In city known for engine manufacturing, Middletown High aerospace class takes flight – Middletown Press

Eighth-graders at Woodrow Wilson Middle School checked out a Robinson R44 helicopter as a precursor to the launch of Middletown High School’s Aerospace & Advanced Manufacturing program. Program instructor Paul Pelletier, aerospace and manufacturing instructor, is shown in this December 2019 photo.
Middletown aerospace students study Federal Aviation Regulations at the high school.
As part of Middletown High School’s Aerospace & Manufacturing Center courses, students learn hands-on skills, such as disassembling old aircraft, converting them to simulators to prepare them for a booming job market in multiple industries, where they can get high-paying entry-level jobs.
In this archive photograph, a Middletown High School aerospace student shows state Sen. Matthew Lesser the airplane the class is building.
MIDDLETOWN — The high school Aerospace and Manufacturing Center is preparing students for their careers in a city known as a worldwide leader in engine manufacturing.
“We are Middletown. We are aerospace,” course co-teacher Paul Pelletier said in a recent presentation to the Board of Education.
“When you see, in urban/suburban communities, students struggling after they graduate, there’s a disconnect there,” Pelletier said, adding that connections are the key to success. “We feel this program is really the center of the bull’s-eye.”
Stephen Socolosky, a licensed pilot and president of the Hartford chapter of the Experimental Aircraft Association, co-teaches the classes.
There are 120 youth enrolled in the program — about 10 percent of the student body.
The program is devoted to teaching teens hands-on skills that will equip them with the training and certification necessary to join a growing job market.
Funding came from a portion of last year’s $1.08 million Alliance Grant.
Student “perseverance” and “achievement” were among the goals at the innovation center, Pelletier said. “That’s a great feeling.”
Once they obtain their certification, they can operate airplanes in their future careers.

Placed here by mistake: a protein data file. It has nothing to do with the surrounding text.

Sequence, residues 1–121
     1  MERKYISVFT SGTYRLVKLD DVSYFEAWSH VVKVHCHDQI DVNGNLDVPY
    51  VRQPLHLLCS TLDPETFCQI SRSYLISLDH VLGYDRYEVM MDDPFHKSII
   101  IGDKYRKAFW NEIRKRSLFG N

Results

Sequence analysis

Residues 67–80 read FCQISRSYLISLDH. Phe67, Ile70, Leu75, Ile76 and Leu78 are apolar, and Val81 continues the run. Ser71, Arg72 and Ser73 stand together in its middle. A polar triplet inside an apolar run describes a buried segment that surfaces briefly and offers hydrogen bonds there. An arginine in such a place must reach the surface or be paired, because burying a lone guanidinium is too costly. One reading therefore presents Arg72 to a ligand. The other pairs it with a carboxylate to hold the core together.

“They’ll be able to put their virtual reality goggles on, sit in a real cockpit and manipulate the controls, and, when they look out the window, it’s going to look as if they’re at 3,000 feet,” Pelletier said.
The presentation showed a photo of two high school students hovering a drone similar to those used by Command Aviation, which has partnered with the program, Pelletier said.
In all, 42 students are enrolled in drone courses.
Command has a K-MAX helicopter, which has been used to conduct firefighting on the west coast, Pelletier said. “Also, students can learn about weight and balance: the limitations of their aircraft.”
Students are now studying Federal Aviation Administration regulations using virtual reality goggles to earn their drone certificate through the program, which was developed for MHS by Dauntless Software.
“Drones are the next big thing,” Pelletier said.
“People have said, ‘do you think that will take hold?’ The interesting thing is the kids really enjoy it, and we know when you have kids involved, it’s much easier for them to grasp the information,” Pelletier told BOE members.
Some are participating in the Experimental Aircraft Association “Young Eagles” program, which exposes students to the world of aviation.
He hopes eventually to offer the pilot efficiency program developed for fire and police personnel. Students heavily involved in the MHS program will assist with adult programs.
In October, several youth had the opportunity to be aboard helicopter flights, and, over the summer, they participated in summer workshops at area airports, Pelletier added.
Since last year, youth have been working on building a small aircraft from individual parts. Middletown Public Schools Director of Innovation & Grants Natalie Forbes was instrumental in getting a classroom door enlarged so the plane could fit inside, Pelletier said.
The program is seeking participation from area companies that offer internships for students to get the additional skills needed in the workforce. Those interested can call the high school at 860-704-4500.
Cassandra Day is an award-winning multimedia journalist and resident of the North End of Middletown who has been reporting nearly every facet of the city for over two decades.

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